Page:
Miss City of Maricopa Jaime Buchholz and Miss Pinal County Outstanding Teen Shyann Dugan were frequently seen at Maricopa events throughout the year. Photo by Raquel Hendrickson
Buchholz addressed the Maricopa Chamber of Commerce about changes to the program.

Miss City of Maricopa Jaime Buchholz was only eligible to compete for one year, but that didn’t stop her from making her dreams come true during her reign.

Buchholz, who entered the Miss City of Maricopa competition at 24, will “age out” and be ineligible to compete in future Miss Arizona events. Despite the brief tenure, Buchholz seized the opportunity to make a childhood dream come true.

“I got involved because my friend Christina (Tetreault) won Miss Maricopa County, and I thought, ‘I could do that,’” Buchholz said. “She inspired me to get involved, and since I wanted to be a princess since I was little, I figured I would go for it. The worst case scenario was I lost.”

Buchholz attributes her desire to compete in the city of Maricopa to her upbringing in Gilbert. When she was young, Gilbert was largely a farming community outside of the city. As the Phoenix grew, so did Gilbert. Coming to Maricopa made her feel at home, and the people of the city welcomed her.

“I couldn’t ask for a better city to represent than Maricopa,” Buchholz said. “The community embraced me right away. Even though I wasn’t from here, they have been so accepting and welcoming to me.”

Over the last year, Buchholz has been able to use her job as a nurse to expand her initiative to help veterans. Her dedication to her work and community has been tremendous, but it has also been difficult at times. During her training for Miss Arizona, Buchholz had to start eating healthy and begin a workout routine.

The Miss City of Maricopa program needs scholarship funds. See GoFundMe.com

This all resulted in her losing 35 pounds and developing healthy habits, but the stress of work added an obstacle most contestants did not have to deal with. Despite not winning the Miss Arizona crown in the only opportunity she will have, Buchholz has loved being part of the program.

“The best part about being Miss City of Maricopa was working with all of the kids,” Buchholz said. “They saw me as a real princess, so I was able to make their dream of meeting a princess come true. I always wanted to be a Disney princess, and the kids made me feel like one every time I saw them.”

As she moves forward, Buchholz will stay involved in with the Miss City of Maricopa program and mentor her successors.

The pageant’s new executive director, Carrie Vargas, has added a third crown, so Buchholz will mentor Miss City of Maricopa, Miss Pinal County and the newly developed Miss Estrella Mountain after her reign ends.

“I think it’s great they added another crown,” Buchholz said. “It gives another girl an opportunity to earn a scholarship and be part of the program.”

The Miss Estrella Mountain crown will add to the pageant’s reach for contestants, but finding enough girls could still be a problem for the Miss City of Maricopa Scholarship Organization. The group wasn’t able to get enough contestants to fulfill Miss Pinal County requirements last year.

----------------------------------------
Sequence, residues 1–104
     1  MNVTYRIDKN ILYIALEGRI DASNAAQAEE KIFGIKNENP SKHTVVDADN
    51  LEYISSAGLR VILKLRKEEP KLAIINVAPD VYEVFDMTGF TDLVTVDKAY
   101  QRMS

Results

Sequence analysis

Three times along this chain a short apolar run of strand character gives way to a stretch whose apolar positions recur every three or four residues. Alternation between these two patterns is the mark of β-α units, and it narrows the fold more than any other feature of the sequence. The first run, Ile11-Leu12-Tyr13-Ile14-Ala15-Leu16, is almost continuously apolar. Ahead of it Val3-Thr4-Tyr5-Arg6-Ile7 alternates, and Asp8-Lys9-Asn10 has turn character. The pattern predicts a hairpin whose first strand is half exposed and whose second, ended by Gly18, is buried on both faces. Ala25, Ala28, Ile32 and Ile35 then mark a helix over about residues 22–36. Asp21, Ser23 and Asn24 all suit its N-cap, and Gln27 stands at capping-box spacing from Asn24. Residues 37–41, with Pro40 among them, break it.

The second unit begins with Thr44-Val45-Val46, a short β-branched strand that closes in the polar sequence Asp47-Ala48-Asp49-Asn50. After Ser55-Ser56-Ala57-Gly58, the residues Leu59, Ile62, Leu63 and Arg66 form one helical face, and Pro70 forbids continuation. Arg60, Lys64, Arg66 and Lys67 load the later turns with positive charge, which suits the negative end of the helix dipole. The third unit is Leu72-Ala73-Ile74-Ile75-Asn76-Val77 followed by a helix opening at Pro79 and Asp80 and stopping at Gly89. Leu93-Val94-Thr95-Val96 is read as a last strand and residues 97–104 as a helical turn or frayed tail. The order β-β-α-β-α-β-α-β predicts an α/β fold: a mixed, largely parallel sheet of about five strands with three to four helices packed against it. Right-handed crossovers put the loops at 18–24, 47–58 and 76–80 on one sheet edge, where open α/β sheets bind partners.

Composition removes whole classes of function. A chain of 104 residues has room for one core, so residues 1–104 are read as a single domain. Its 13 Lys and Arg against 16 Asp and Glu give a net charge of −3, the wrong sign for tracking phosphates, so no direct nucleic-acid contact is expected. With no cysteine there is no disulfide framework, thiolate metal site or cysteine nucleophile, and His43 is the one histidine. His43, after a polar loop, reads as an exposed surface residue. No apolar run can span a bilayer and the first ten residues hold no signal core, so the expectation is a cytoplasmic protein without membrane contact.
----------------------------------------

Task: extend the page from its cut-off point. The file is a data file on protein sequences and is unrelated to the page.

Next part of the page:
Adding a third crown will increase the number of contestants needed to fill the “Miss” categories from eight to 12, and the number needed to fill the “Outstanding Teen” category from six to nine. If the board is unable to get enough girls to compete, the crowns will share the same fate as this year’s Miss Pinal County crown and remain vacant.

Another challenge facing the organization is a new regime of board members. The new board was brought on after the previous pageant directors were promoted. Vargas stepped into the role of director and hopes to have the same level of success as her predecessors.

“The two ladies who have run the program were called up to the state level, and I was asked to fill their position,” Vargas said. “I have served as the pageant’s production manager over the last two years, so I was excited to accept the position. It all came together quickly, and I was able to quickly assemble a team with valuable experience.”

The new pageant board includes Cheryl Ortiz as the pageant’s co-director, Colleen Corliss as the pageant’s production manager and board member, Lisa Sorenson as the pageant’s judges chair and board member, and Marisa McDonald as the Princess Program director and board member.

Vargas believes the new pageant board will be able to move the program forward and find more contestants.

In order to avoid having vacant crowns, Vargas has added more meet-and-greets around the region to increase their recruiting efforts as well. She hopes to build the organization’s brand and value with a new generation of contestants.

“It’s a good experience for the girls,” Vargas said. “They learn and gain so much from being a part of it.”

The board hopes to get more girls involved by showing that being part of the Miss City of Maricopa Scholarship program is more than just competing in a pageant or earning a scholarship. As Buchholz embodies, it can mean as much as making a dream come true.

“I can’t describe how much fun I’ve had,” Buchholz said. “I’ve always joked if I couldn’t be a nurse I would go to Disneyland and be a princess. Now I’ve been able to be both. It’s been a truly great experience.”

As part of her reign as Miss City of Maricopa, Buchholz rallied the crowd at the Lifehouse’s Battle of the Burbs concert at Copper Sky. Photo by Adam Wolfe
As part of her reign as Miss City of Maricopa, Buchholz rallied the crowd at the Lifehouse’s Battle of the Burbs concert at Copper Sky. Photo by Adam Wolfe


This story previously appeared in the Fall Edition of InMaricopa the Magazine.


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